Exploring Nature One Step At A Time

Archive for September, 2010

Field Notes: Ice Ribbons and Frost Flowers

Hot Springs National Park Mountain Trail Ice Ornament

Hot Springs National Park Mountain Trail Ice Flower

Hot Springs National Park Mountain Trail Ice Cocoon

Hot Springs National Park Mountain Trail Ice Cocoon

Dead Chief Trail - Nature's Ice Ribbon Sculptures (Gulpha Gorge)

In January of 2010 I first noticed these ice formations on the trails, I reached down to pick them up thinking they were plastic. My intention had been to clean up the mess left in the Forest.  Once in my hand I realized they were beautiful pieces of ice, I immediately felt guilty for disturbing Nature’s beautiful art.   In Hot Springs National Park I only saw these beautiful creations on the north face of  the Hot Springs Mountain Trail and the South face on the Dead Chief Trail heading to the Gulpha Gorge.  Both of these areas had one trait in common, they always felt colder than other places in the park.  It often felt as if I was stepping into a curtain of cold air when I would reach these specific locations on the Trail. I learned later these are known as microclimates, a microclimate is a localized atmospheric zone where the differs climate conditions differ from the surrounding area. Learn More: Encyclopedia Britannica: Microclimates

My original thought had been that these formed by freezing on vegetation and then sliding perhaps twisting down to the ground.  The truth, they are caused by moisture extruding from cracks in the base of a dead plant stem. The ribbons of ice are pushed out the dead stems and form the beautiful shapes as found in my photographs above.  I hope to capture many more this coming winter. Learn More: Ice Ribbons and Frost Flowers

Nature is the best classroom, I am a very enthusiastic student.
Much Love,
Lee


Autumn Equinox and Predator Redux

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The Predator Redux:
A lovely little gray cat is on the move in the park and it appears not to be feral.  I followed it up the Dead Chief and watched it climb through a fence onto the ramp of the nurses apartments on the adjacent hospital grounds.   I meowed it meowed back and we had a lovely little conversation.  It did not run, it was a happy lovely kitty Cat.  Unfortunately it is both a danger to wildlife and is in danger from some of the wildlife.  If you read this and know whose cat this is please ask them to keep it indoors.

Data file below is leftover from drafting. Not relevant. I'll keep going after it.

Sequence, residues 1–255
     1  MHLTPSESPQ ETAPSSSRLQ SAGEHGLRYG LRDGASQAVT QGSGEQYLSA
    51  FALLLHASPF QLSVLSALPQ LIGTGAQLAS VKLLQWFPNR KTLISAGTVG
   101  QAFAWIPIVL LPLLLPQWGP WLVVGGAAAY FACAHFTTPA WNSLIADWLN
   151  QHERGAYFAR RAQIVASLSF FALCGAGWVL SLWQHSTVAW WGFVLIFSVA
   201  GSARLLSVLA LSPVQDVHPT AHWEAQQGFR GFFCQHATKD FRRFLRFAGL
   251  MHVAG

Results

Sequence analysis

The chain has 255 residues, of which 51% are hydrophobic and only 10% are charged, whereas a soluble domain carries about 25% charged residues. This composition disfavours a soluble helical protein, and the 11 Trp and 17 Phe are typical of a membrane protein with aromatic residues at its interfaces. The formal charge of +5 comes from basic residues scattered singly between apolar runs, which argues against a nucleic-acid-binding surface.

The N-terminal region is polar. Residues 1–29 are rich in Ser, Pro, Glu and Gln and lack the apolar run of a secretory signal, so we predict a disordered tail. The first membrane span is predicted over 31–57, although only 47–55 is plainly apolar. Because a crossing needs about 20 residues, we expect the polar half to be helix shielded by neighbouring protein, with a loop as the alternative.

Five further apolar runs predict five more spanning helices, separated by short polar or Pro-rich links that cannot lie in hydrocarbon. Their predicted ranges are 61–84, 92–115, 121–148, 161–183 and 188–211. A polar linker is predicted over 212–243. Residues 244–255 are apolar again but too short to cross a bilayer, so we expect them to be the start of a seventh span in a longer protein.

Autumn Equinox:
Please enjoy the lovely changes overtaking the  leaves of the Forest in Hot Springs National Park.  Red, yellow, coral and rust are touching the green foliage along all the trails.  This glorious event heralds the hibernation/dormancy of many Trees in the Forest.  Each season has it’s beauty and this is Nature’s version of fireworks, a brief but spectacular display. Let us celebrate the glorious transition to winter.

Get out and play in the newly fallen leaves it will return youth to your heart!
Much Love,
Lee


Winging My Way Through the Park and Twilight Snakes

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I want to begin by thanking Twitter friends @avocadocreation @melisheath for identifying the Spotted Cucumber Beetle on the pink Peony.  At the Arlington Lawn Peonies are still blossoming as are several bushes.  These bushes are attracting a beautiful array of insects this morning it is lovely moths drinking the nectar of the white bell shaped flowers.

Leaving this late this morning I am quickly aware I have missed the morning breakfast run of my Forest friends.  From the Tufa Terrace up to the top of the mountain via the Peak Trail it is so quiet.  A gorgeous orange Moth is sunning itself on a lichen covered Tree. Further up the trail a beautiful Red Spotted Purple Butterfly sits on a leaf bath in the glow of a ray of sunlight.

Once I reach the top I pass several hiking groups on the Hot Springs Mountain Trail, the second wave of tourists mostly retirees.  People and Dogs equals  mammals in hiding along the Trail.  A lovely Tufted Titmouse sings a sweet song to me as I hike toward toward North Mountain. I glance up to see it peeking down from high in the Tree ahead of me.

When I reach the North Mountain I connect with the Upper Dogwood Trail.  It is a meditative hike, a chance to listen to my Soul as I move among the Trees.   When I reach the Upper and Lower Dogwood fork I see a spectacular sight on the last day of summer.  High in the canopy one Tree has changed into it’s Autumn splendor.  It’s a color is only the first of what will soon paint the Forest in Hot Springs National Park.